Why are servants told to be subject to their masters even if they are "harsh," "froward,"KJV "unreasonable,"NIV or "overbearing?"NRSV This is irrational to the flesh, but not to faith. God does not promise His people congenial masters and pleasant surroundings in this world. Remember, we are "strangers and pilgrims" here, and will soon be at home with the Lord. Whatever wrong a person does, whether master or slave, he "shall receive for the wrong which he hath done: and there is no respect of persons" (Col 3:25). Those in the service of others are not to take matters into their own hands as though there was no God. God can make Potiphar favor Joseph the slave (Gen 39:1-4), or the prison keeper give honor to Joseph the prisoner (Gen 39:21-23). The Lord can move Nebuchadnezzar, Belshazzar, and Darius to exalt the captive Daniel (Dan 2:48; 5:29; 6:2-3). It is a principle of the Kingdom of God that we commit the keeping of our souls to Him in "well doing" (1 Pet 4:19). Thus we entrust our case to Him alone.

These principles can be applied to those who are not slaves, yet are employed by others. Such should learn to be exemplary employees, not arguing, causing trouble, or taking what is not theirs. In so doing, they confirm the truth of the Gospel and show forth the character of the Lord Jesus Christ. Much in our society contradicts these things.


"2:19For this is commendable, if because of conscience toward God one endures grief, suffering wrongfully."KJV Spiritual life not only differs from life in the flesh, it is diametrically opposed to it. In this expression we have another confirmation of this fact. In the world, it is commendable when we take what is coming to us, doing so without rebelling or complaining. But this is not commendable to God. Nor, indeed, is it laudable to simply endure undeserved suffering without voicing a complaint. Faith takes us farther than that. It always brings God into primary consideration.

Something that is "commendable" is "thankworthy"KJV, bringing delight to the Lord and imparting loveliness to the sufferer. It brings the "favor"NIV of God to the individual. Such a person experiences the "approval"RSV of God, and receives "credit for"NRSV the "grief" that is endured. It is as though a log is kept in heaven of all wrong doing against the people of God. It will all be corrected in due time, and is therefore to be patiently endured.

The word "grief" speaks of the hardships through which the saints pass. It is when Job loses all that he has, or Joseph is thrown into a pit and sold as a slave to the enemies of God. It is when Daniel is thrown to the lions, Peter is put into prison, or Moses despised by his brethren. It is when Stephen is stoned, or Paul placed into prison. Ultimately, it is when Jesus is led as a sheep dumb before the shearers. It is when "a man bears up under sorrows when suffering unjustly."NASB This is when believers do what is right, yet are treated as though they were wrong. What is the "commendable" thing to do when this occurs?

Here is where faith comes into the picture. It produces a consciousness of God Himself, so that the "grief" is seen differently. It is perceived as "light affliction, which is but for a moment," and "is working for us a far more exceeding and eternal weight of glory" (2 Cor 4:17). The idea is that we regard God in our sorrow, not those who have wrongfully inflicted it upon us. That is why Stephen could pray for those who took his life: "Lord, do not charge them with this sin"NKJV (Acts 7:60).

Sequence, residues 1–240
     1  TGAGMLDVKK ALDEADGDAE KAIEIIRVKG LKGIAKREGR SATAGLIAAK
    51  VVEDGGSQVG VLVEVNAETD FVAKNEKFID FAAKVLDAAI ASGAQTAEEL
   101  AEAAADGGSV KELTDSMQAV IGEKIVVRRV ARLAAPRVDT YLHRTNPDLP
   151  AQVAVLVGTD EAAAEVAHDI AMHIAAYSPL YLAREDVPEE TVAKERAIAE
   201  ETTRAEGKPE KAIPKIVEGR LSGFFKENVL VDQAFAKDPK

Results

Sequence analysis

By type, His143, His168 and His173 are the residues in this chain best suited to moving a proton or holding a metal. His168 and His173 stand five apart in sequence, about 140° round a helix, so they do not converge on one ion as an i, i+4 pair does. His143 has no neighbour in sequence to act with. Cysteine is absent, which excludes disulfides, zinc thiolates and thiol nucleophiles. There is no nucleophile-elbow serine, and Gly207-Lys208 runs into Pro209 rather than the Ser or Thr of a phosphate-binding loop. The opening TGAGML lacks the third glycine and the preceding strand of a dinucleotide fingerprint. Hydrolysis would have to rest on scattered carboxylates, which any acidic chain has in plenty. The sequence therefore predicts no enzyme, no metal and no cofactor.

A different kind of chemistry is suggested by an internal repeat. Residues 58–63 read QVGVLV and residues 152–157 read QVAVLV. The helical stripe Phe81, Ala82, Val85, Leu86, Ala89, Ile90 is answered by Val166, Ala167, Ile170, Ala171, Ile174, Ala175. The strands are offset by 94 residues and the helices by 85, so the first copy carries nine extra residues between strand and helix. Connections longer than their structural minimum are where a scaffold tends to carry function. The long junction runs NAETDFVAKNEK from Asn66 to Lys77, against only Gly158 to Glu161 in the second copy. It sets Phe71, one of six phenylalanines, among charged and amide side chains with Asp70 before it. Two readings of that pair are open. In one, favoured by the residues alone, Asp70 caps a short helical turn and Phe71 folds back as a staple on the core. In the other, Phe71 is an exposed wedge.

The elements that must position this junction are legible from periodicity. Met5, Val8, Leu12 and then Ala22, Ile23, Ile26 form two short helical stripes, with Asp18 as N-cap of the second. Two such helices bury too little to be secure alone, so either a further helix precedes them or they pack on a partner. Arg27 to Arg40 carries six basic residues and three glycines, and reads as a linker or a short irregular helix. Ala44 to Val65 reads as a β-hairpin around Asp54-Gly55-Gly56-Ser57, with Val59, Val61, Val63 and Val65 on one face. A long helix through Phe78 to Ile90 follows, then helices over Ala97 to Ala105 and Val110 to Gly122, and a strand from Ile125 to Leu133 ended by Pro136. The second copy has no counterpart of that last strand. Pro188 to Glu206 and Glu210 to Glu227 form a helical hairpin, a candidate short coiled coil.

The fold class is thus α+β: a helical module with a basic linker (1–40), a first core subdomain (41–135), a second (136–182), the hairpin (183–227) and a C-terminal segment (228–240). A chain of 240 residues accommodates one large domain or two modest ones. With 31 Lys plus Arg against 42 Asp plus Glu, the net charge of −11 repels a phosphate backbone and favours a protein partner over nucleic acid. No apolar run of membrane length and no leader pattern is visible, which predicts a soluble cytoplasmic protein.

This is a circumstance where God is served in suffering-a strange concept to many. It devastates the idea of being angry or upset with God when we taste of the bitterness of life. Such a frame of mind is neither excusable nor acceptable. Far better to let the Spirit so minister to us through our faith that we are able to say with Paul, "Therefore most gladly I will rather boast in my infirmities, that the power of Christ may rest upon me. Therefore I take pleasure in infirmities, in reproaches, in needs, in persecutions, in distresses, for Christ's sake. For when I am weak, then I am strong"NKJV (2 Cor 12:9-10). This can only occur when we have a "conscience toward God."

The person who lives with a primary concern toward men is thrust into a life of unbelief as well as misery. In that posture, he is cut off from the mercy of the Lord, and thus robbed of recourse to Him. No person will trust in the Lord who has no conscience "toward" Him. The conscience must be tutored by the Word of God, motivated by the promises of God, and fortified by faith in God. This is a "good conscience" (1 Tim 1:5), and one "without offense toward God and men" (Acts 24:16). This is another view of living by faith (Gal 2:20) and walking in the Spirit (Gal 5:25).

Whenever we "suffer wrongfully," we must remember how merciful God has been toward us. "He has not dealt with us according to our sins, nor punished us according to our iniquities"NKJV (Psa 103:10). The recollection of this will help us to bear up under the unjust criticism and treatment of our enemies. It is still true, "If You, LORD, should mark iniquities, O Lord, who could stand? But there is forgiveness with You, That You may be feared"NKJV (Psa 130:3-4). Further, we should not expect to dwell in a foreign land without incurring maltreatment from its citizens.

Lastly, this is the suffering in which we have fellowship with Christ-the "fellowship of His sufferings" (Phil 3:10). It is what qualifies us to reign with Christ (Rom 8:17). The presence of such "grief," while not of itself pleasant, does confirm to us that we are in a foreign land, and that our citizenship is in heaven-and those are pleasant thoughts. There is grace to "endure grief wrongfully," and we are free to obtain it in liberal measures.